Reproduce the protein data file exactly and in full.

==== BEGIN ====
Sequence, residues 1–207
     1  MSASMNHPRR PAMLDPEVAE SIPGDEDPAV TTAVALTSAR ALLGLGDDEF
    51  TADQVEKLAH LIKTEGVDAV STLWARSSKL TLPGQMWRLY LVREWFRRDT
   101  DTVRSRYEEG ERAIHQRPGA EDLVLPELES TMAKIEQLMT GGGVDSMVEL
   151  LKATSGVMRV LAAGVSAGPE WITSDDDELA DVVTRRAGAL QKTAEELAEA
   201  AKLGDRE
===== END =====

Sequence, residues 1–207
     1  MSASMNHPRR PAMLDPEVAE SIPGDEDPAV TTAVALTSAR ALLGLGDDEF
    51  TADQVEKLAH LIKTEGVDAV STLWARSSKL TLPGQMWRLY LVREWFRRDT
   101  DTVRSRYEEG ERAIHQRPGA EDLVLPELES TMAKIEQLMT GGGVDSMVEL
   151  LKATSGVMRV LAAGVSAGPE WITSDDDELA DVVTRRAGAL QKTAEELAEA
   201  AKLGDRE